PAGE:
“BEST NOT TO HOLD THE OLYMPICS” AS MEDICAL EXPERTS UNCONVINCED ON HOLDING TOKYO GAMES
With the Tokyo Olympics coming in under four months, medical experts aren't convinced it's safe to hold Tokyo Games despite organizers insisting they are mitigating probable risks.
The torch relay has begun to crisscross Japan with 10,000 runners but public opinion surveys say that most Japanese, including medical experts, want the Tokyo Games canceled or postponed again.
“It is best to not hold the Olympics given the considerable risks. The risks are high in Japan. Japan is dangerous, not a safe place at all,” Dr. Norio Sugaya, an infectious diseases expert at Keiyu Hospital in Yokohama, told The Associated Press.
He also added that 50-70 percent of the general public should be vaccinated, “a prerequisite” to safely hold the Olympics, but seems impossible given that there’s a slow vaccine rollout in Japan.
Currently, fewer than 1% of the population has been vaccinated so far, all are medical professionals.
However, the Japanese government and local Olympic organizers have already stated that vaccinations are not a prerequisite for the Olympics but the International Olympic Committee is encouraging the 15,400 Olympic and Paralympic athletes to be vaccinated when they enter Japan.
“Tens of thousands of foreigners are going to be entering the country, including mass media, in a short period of time. The challenges are going to be enormous,” Sugaya averred.
Also, Dr. Toshio Nakagawa, leader of the Japan Medical Association, called up for preventive measures that there is a possibility of “a rebound” of coronavirus cases.
“To prevent a fourth wave, we have to act forcefully and extremely quickly,” he told reporters earlier this month.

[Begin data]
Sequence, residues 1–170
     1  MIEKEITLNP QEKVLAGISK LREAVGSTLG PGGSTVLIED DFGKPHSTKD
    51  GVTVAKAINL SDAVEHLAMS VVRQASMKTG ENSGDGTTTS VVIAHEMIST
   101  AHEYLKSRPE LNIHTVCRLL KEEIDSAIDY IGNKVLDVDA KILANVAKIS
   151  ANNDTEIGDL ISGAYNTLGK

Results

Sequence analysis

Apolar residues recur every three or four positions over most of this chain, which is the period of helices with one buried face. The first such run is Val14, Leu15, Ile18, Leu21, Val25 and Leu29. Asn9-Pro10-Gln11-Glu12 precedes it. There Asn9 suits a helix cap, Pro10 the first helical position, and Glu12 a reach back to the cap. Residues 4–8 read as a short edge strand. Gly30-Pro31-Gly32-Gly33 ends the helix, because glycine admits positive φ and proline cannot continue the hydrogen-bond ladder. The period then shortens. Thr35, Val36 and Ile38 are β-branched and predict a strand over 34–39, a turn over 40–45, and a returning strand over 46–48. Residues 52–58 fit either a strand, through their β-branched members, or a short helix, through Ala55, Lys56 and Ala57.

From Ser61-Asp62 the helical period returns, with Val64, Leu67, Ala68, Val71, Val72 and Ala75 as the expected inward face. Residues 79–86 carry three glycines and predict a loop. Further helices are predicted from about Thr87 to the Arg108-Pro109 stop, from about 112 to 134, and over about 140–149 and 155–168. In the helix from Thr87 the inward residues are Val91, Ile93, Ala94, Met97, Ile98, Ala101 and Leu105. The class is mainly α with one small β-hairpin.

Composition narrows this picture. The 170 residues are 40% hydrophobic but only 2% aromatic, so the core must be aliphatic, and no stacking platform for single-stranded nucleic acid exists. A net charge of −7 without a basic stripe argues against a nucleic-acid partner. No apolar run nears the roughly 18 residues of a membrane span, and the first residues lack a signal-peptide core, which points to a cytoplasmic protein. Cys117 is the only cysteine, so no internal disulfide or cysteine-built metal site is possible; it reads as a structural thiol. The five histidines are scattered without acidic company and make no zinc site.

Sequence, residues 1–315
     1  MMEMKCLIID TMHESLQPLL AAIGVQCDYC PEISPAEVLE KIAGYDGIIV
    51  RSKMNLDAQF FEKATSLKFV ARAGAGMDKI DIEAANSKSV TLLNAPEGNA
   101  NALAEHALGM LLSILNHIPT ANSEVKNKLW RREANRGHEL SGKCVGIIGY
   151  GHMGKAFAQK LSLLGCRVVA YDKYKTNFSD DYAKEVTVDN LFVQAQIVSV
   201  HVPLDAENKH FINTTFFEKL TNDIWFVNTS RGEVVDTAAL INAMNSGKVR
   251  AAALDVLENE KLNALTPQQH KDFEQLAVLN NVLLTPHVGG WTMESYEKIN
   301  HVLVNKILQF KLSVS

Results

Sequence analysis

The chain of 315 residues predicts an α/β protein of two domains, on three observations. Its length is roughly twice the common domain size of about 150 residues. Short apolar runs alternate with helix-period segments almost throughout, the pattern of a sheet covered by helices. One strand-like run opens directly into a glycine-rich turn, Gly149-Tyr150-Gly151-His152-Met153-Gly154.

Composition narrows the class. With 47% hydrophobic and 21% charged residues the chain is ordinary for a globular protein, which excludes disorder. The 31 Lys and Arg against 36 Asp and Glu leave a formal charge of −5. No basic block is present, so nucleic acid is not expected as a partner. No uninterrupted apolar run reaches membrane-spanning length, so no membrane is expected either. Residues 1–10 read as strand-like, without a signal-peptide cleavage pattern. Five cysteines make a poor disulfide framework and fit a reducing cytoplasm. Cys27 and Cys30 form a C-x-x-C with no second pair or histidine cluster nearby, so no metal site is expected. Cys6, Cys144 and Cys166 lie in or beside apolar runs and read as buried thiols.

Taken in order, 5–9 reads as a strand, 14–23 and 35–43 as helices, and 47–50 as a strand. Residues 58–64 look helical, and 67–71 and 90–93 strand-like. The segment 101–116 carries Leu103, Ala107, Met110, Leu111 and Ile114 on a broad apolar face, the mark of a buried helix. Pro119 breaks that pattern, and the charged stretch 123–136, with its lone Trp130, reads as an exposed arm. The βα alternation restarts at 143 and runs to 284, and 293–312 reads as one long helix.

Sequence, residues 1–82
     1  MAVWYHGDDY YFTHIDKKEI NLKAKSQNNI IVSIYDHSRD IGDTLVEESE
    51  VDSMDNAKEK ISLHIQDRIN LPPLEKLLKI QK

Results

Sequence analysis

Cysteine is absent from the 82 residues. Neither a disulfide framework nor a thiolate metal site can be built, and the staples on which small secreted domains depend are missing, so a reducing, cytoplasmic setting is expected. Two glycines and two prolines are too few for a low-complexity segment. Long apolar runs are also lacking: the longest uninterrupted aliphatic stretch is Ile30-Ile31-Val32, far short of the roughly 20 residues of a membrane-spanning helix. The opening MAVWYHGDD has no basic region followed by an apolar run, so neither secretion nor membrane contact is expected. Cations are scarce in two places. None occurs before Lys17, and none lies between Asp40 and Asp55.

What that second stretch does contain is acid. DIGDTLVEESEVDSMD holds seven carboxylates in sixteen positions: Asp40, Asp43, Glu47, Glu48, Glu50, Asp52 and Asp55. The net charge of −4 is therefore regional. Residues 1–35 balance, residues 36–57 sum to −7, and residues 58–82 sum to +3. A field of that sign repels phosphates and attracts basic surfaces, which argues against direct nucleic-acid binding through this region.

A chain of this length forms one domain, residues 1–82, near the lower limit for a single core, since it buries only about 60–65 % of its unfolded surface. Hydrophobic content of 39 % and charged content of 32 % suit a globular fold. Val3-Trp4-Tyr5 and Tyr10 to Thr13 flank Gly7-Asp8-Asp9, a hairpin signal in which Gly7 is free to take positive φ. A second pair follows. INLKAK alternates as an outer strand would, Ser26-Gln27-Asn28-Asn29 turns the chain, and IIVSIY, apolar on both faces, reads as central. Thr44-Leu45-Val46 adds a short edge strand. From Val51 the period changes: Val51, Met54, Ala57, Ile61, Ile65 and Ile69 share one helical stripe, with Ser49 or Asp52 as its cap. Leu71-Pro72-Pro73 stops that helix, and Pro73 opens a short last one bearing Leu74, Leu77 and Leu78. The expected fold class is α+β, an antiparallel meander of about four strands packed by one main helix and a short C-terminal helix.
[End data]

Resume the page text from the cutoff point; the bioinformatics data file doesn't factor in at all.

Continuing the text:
Taisuke Nakata and Daisuke Fujii, professors of economics at the University of Tokyo, have been conducting a standard epidemiological model to project the spread of the virus but taking into account economic activity as measured by GDP and mobility data.
According to them, daily infection cases in Tokyo will total more than 1,000 people by May, peaking in July, right about the time the Olympics are on.
The other probable scenario has the Olympics being held in the middle of an “emergency” where the government declaring a state of emergency as daily cases spike.
The professors declined to comment directly on the wisdom of holding the Olympics
Taro Yamamoto, a former lawmaker, believes that the country is not prepared to deal with an influx of travelers from abroad.
“If Japan has not been able to protect its own people, it cannot claim to be able to protect people from all over the world. To keep insisting the Games will go on is just madness,” he insisted.
But, organizers say they will hold a “safe and secure” Olympics by keeping athletes and officials in a “bubble,” administering periodic tests, and then getting everyone to leave Japan as soon as possible.
In addition, organizers said all ticket holders from abroad would be banned from entering.